In the 14th and 15th century, many Jews living in Spain and Portugal were urged at sword-point to convert to Christianity. Some did convert, though a few continued to observe their old holidays in secret. In the 17th century, however, a different sort of conversion shook the Jewish world. A young Kabbalist and mystic from the Turkish city of Smyrna by the name of Shabbethai Zebi proclaimed himself the Messiah to a small group of followers in 1648 – the year that some Kabbalistic computations, not altogether coincidentally, held to be the year of Israel’s redemption by the Messiah. What he lacked in sanity, Shabbethai made up for in charm, and the revelation was received tolerably well. Unsurprisingly, authorities soon expelled him from Smyrna. In the following decades, Shabbethai wandered around Middle East and Europe, gathering supporters, fame and money wherever he went. Europe was already gripped with Messianic fervor in anticipation of the apocalyptic and beastly-numbered year 1666; Shabbethai’s appearance seemed timely, and his preaching fell on many a ready ear. In 1666, now wildly popular throughout most of the Old World, Shabbethai set out for Constantinople, where he hoped the coming struggle of Light and Dark would land him in prime position to score the sultan’s crown. Turkish authorities sent an under-pasha out to meet him on the ship; the man welcomed the half-baked Messiah with a box on the ear and had him thrown into prison. It was then advised to Shabbethai that the only way for him to save his life was to embrace Islam. And, in a rare flash of good sense, he did exactly that, leaving thousands of stunned and demoralized followers all over the world high and dry. The Jewish businesswoman and diarist Glueckel of Hamelin likened the entire experience to “enduring nine months of pregnancy and birth pains, only to break wind.”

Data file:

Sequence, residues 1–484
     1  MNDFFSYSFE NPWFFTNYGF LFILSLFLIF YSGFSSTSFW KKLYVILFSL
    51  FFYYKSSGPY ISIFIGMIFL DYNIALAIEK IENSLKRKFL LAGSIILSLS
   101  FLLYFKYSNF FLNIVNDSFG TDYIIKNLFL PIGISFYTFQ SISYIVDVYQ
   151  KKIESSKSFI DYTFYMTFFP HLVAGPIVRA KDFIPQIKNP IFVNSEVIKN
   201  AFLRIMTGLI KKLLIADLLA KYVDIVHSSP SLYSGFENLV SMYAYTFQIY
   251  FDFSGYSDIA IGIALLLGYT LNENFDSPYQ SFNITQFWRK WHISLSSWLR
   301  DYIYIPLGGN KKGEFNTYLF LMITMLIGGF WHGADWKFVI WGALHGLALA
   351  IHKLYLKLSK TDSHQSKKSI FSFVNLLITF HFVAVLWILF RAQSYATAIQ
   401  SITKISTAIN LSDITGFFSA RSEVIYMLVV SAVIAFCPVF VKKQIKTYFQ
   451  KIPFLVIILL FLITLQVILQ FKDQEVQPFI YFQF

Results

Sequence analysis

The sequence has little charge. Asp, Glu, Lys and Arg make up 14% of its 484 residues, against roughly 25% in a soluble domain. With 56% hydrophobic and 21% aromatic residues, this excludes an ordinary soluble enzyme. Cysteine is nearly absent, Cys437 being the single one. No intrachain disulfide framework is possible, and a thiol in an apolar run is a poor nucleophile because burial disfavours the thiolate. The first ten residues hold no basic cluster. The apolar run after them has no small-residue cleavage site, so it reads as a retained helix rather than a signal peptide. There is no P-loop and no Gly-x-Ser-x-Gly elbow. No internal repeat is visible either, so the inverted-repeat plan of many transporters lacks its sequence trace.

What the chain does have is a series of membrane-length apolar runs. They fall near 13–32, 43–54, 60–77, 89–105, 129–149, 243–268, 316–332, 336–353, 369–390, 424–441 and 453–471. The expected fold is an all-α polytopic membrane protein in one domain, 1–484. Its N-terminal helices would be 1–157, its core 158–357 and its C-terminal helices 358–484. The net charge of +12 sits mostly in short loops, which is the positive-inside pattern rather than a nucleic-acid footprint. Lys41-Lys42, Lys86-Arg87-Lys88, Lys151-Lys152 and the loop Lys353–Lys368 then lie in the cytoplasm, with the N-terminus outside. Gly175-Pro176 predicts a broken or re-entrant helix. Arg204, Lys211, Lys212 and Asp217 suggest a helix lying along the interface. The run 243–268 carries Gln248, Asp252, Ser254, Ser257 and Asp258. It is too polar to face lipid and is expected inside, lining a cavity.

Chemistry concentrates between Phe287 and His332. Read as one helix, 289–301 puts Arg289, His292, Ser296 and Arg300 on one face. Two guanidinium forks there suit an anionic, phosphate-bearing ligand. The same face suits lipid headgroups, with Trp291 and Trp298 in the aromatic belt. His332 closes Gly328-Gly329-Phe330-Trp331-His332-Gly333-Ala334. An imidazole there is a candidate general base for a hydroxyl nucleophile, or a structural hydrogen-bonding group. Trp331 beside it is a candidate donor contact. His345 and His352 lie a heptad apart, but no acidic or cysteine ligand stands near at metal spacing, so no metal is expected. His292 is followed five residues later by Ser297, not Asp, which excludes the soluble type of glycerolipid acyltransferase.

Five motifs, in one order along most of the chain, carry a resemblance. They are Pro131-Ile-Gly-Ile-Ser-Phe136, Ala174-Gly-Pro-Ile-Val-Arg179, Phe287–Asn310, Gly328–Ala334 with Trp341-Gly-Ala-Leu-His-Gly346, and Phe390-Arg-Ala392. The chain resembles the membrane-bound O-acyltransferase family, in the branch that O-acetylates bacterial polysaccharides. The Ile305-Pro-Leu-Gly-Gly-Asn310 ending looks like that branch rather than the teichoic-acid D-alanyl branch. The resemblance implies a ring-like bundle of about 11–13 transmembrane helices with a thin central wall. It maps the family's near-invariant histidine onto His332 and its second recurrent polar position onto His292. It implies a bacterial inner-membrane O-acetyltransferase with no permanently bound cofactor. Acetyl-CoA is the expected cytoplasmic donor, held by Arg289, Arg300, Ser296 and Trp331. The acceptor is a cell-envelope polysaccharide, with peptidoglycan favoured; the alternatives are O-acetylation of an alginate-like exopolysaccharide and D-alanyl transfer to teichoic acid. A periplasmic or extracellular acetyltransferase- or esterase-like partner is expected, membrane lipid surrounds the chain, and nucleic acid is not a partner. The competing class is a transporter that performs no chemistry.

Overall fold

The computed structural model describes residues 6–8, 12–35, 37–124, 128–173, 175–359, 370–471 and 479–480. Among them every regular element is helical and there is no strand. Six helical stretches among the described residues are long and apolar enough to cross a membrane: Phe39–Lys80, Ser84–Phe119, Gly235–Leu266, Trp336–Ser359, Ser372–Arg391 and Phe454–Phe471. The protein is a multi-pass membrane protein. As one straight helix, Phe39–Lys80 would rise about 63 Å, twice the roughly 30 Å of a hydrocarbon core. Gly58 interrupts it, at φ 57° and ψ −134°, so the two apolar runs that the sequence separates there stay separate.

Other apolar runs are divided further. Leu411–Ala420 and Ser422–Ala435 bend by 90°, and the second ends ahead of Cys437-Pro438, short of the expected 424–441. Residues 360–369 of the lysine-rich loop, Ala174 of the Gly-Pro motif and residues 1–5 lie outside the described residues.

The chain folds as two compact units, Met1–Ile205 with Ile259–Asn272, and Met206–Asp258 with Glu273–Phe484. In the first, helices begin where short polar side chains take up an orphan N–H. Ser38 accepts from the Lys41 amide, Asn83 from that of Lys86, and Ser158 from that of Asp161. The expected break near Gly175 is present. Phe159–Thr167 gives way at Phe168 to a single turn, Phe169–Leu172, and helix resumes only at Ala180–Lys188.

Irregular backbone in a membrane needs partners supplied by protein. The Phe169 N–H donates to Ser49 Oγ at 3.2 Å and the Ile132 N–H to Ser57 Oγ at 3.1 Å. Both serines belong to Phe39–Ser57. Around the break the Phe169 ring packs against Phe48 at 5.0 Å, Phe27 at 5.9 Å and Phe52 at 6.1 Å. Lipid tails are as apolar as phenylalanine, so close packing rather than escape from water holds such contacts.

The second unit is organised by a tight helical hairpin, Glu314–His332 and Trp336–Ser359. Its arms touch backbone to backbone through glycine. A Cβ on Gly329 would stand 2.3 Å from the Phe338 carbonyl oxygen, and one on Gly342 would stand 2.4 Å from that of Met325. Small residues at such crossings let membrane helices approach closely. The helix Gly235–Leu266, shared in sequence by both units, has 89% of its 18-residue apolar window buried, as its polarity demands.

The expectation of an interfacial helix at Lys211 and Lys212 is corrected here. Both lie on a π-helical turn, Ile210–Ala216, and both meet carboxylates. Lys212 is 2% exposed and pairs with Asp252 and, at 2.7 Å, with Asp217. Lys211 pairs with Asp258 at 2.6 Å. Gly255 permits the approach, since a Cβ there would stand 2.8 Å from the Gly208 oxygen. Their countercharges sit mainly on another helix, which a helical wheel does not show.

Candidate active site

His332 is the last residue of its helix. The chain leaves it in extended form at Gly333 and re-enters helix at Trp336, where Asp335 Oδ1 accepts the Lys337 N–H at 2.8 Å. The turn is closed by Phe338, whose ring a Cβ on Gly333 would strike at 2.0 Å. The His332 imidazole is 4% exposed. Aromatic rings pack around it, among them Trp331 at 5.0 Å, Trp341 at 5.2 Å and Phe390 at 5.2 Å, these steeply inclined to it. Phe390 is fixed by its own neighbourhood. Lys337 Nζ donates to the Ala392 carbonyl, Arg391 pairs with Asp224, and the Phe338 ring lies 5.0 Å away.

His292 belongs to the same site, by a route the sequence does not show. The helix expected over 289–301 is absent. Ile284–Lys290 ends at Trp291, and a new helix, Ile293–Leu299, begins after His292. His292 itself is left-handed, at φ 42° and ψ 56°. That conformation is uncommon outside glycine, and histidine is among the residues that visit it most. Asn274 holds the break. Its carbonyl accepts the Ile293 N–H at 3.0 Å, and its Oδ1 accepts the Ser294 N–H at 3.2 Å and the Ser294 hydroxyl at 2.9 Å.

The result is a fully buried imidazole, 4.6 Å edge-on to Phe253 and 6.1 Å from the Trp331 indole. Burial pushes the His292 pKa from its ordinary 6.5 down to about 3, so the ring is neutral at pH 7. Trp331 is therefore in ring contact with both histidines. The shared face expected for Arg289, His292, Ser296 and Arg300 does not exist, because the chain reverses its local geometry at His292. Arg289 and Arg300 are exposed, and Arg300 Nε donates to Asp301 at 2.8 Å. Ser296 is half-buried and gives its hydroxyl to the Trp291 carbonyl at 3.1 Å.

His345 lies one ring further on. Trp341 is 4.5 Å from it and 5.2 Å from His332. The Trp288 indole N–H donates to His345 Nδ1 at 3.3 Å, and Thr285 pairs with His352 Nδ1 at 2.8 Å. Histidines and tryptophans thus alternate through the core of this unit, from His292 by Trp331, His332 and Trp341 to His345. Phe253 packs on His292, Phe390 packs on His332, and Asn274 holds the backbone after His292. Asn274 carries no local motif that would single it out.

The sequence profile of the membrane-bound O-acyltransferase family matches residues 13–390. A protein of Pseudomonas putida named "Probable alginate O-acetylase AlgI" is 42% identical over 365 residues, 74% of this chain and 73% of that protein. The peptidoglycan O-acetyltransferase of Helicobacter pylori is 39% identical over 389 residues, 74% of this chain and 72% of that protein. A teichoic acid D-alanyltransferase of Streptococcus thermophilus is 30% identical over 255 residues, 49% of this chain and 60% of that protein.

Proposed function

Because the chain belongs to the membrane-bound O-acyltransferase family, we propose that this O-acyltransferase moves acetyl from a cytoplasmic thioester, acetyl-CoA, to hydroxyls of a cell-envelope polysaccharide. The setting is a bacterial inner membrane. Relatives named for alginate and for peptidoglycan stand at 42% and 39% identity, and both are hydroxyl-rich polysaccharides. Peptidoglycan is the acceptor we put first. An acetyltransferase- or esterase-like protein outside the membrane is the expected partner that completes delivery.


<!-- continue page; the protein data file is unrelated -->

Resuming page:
1843/1844: The Great Disappointment

In 1818 William Miller, the future spiritual father of Seventh-Day Adventists and Advent Christians, sat down to the table to calculate the exact date of Christ’s Second Coming. Miller had lapsed into Deism in his youth and was now trying to regain his Baptist roots through intense Bible study. A verse in the Book of Daniel caught his eyes: “And he said unto me, Unto two thousand and three hundred days; then shall the sanctuary be cleansed.” Miller took this “cleansing” to stand for the Last Judgement, and, like many theologians before him, followed the “day-year” principle of prophecy interpretation. Following the vague hints of another Daniel verse, Miller started the countdown not from the moment of creation but from 457 B.C., when Artaxerxes I of Persia ordered the rebuilding of Jerusalem. Adding 2300 years to 457 B.C. yielded the date 1843 – specifically, sometime between March 21st, 1843 and March 21st, 1844. By 1831 he was actively preaching his apocalyptic algorithms to the public.
As the years passed and the Judgment Day drew nearer, Miller steadily gained followers, until by 1840 the United States was in the firm grip of Millerism. When March 21st of 1844 came and went anti-climactically, Miller revised the date to April 18th, 1844. The world survived April 18th unscathed. Miller confessed his error but declared that the end of the world was nevertheless nigh – he was just no longer sure exactly how nigh. A Millerite preacher by the name of Samuel S. Snow declared that he double-checked the numbers and got a different date: it was not March or April but October 22nd of 1844 that was going to see Christ’s triumphant return! For six months, the excitement built up once again to a fever pitch. When the fateful day came and went without any supernatural incident, October 22nd became known as “The Great Disappointment of 1844.”